FINANCIAL MANAGEMENT/Alternative routes
Municipalities often have turned to either new taxes or bonds to fund essential transportation projects. While those methods provide needed capital, they rely upon public sentiment, ratings, agency solvency, strength of the market, and a somewhat speculative future. Other options now are becoming available that leverage government assets and resources in a fair and risk-free manner while stabilizing and enhancing their financial future.
Public-private partnership transactions (also known as Triple-P or 3-P) and privatizations are emerging as formidable alternatives for advancing transportation projects without the burdens of debt. When properly structured, the transactions offer opportunities to grow new transportation corridors, eliminate operational and maintenance costs, transfer costly and considerable risk generators, and eliminate significant annual debt servicing while achieving potentially large financial returns.
The $1.82 billion Chicago Skyway concession lease sale is a prime example of a privatization transaction that is helping the city rid itself of the burdens, costs and risks of ownership, while receiving a large financial return in the form of an up-front “rent” payment. The transaction is essentially a lease agreement between Chicago and a third party for a predetermined and fixed time frame. The concessionaire assumes all operating and maintenance responsibilities, while collecting and retaining the tolls collected. The transaction marked the first time in U.S. history that an entire highway system was divested to a private enterprise. Under the agreement, the city retains full and continual ownership of the highway, so it maintains the right of inspection and participation, and the right of refusal over decisions while transferring costs and risks to the third party.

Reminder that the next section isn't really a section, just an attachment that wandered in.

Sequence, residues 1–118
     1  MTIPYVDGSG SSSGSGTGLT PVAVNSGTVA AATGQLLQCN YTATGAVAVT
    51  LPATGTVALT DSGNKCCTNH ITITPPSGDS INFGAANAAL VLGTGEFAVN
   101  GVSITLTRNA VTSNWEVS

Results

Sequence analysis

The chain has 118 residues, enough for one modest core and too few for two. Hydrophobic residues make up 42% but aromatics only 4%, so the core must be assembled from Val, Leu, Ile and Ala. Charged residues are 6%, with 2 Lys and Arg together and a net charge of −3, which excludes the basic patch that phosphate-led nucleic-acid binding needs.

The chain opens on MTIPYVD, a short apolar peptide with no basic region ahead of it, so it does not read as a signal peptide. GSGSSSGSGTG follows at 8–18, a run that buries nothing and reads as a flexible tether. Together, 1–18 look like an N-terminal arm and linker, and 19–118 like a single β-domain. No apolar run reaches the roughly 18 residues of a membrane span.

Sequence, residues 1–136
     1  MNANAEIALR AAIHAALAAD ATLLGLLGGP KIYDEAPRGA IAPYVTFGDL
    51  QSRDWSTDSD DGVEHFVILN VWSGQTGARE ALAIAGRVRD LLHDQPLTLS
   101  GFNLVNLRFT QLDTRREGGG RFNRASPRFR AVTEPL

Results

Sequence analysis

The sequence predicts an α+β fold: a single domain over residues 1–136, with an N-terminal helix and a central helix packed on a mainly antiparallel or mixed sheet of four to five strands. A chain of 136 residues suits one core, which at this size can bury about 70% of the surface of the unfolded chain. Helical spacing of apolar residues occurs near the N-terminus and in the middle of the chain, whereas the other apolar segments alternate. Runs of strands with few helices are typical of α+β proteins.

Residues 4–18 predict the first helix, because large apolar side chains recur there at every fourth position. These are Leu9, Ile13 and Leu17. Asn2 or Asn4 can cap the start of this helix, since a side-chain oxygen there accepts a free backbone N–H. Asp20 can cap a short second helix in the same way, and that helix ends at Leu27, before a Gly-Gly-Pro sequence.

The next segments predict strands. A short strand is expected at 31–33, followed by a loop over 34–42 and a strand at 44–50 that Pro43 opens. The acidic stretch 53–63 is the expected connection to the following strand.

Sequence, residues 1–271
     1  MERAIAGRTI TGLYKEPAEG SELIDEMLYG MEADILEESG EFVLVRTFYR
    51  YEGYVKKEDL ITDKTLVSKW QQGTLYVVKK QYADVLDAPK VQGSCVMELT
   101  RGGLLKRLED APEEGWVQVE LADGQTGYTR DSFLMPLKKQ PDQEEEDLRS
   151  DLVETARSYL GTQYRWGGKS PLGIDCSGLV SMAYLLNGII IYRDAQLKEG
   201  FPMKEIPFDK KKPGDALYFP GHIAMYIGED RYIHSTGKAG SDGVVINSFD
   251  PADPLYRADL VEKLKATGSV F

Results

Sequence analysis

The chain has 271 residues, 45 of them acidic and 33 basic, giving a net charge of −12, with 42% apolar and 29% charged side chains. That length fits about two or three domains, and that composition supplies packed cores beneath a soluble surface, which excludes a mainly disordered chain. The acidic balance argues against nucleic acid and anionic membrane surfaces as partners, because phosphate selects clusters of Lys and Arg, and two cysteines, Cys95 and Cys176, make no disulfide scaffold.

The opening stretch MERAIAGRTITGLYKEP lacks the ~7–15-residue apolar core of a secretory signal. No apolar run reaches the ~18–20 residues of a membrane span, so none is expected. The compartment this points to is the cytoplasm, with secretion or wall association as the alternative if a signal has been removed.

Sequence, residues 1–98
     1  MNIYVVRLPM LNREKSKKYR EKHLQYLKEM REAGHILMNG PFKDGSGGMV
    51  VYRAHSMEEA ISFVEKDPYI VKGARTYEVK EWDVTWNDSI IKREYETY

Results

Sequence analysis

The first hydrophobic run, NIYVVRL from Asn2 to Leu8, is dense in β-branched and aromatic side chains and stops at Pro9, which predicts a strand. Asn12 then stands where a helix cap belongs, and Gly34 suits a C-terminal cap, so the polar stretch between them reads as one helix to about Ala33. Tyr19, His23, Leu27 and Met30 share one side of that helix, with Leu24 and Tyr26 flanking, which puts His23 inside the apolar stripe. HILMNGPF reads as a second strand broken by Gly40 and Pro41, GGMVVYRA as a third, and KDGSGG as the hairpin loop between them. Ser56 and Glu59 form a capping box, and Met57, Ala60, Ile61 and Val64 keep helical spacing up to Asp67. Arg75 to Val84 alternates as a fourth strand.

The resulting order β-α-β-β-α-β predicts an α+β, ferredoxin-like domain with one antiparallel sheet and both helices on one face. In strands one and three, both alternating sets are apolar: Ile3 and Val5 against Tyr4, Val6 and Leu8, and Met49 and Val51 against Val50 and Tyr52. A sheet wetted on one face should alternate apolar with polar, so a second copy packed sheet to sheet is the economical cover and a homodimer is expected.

While the structure and implementation of transactions can vary, recent success in Chicago and Indiana — and similar efforts in Texas and California — offer a clear direction of the construction of the transactions. Government agencies considering a 3-P transaction should assemble a team of financial and legal advisors, engineers and technical experts who can define the standard of care, maintenance, operation and practice for the asset. The standards create the necessary accountability required to gain the public’s confidence once the initial shock of the concession fees has waned. The team also must define a toll-rate structure that provides for escalation but protects the public from excessive or uncontrolled tolling.
The process of privatizing an existing transportation asset or creating a new system via a 3-P transaction is complex and lengthy. An early understanding of the public’s concerns, along with knowledge of the bidder’s metrics, will ensure that parity, progress, the interest of the public, and a transparent and open-bidding process will be achieved. Governments need to examine these types of transactions, engage public opinion, seek the advice of experts, and foster a relationship of partnership, rather than solely a sale, as a means of meeting the transportation solutions for the future.
The author is senior manager in the Privatization & Public-Private Partnership business line for San Francisco-based URS.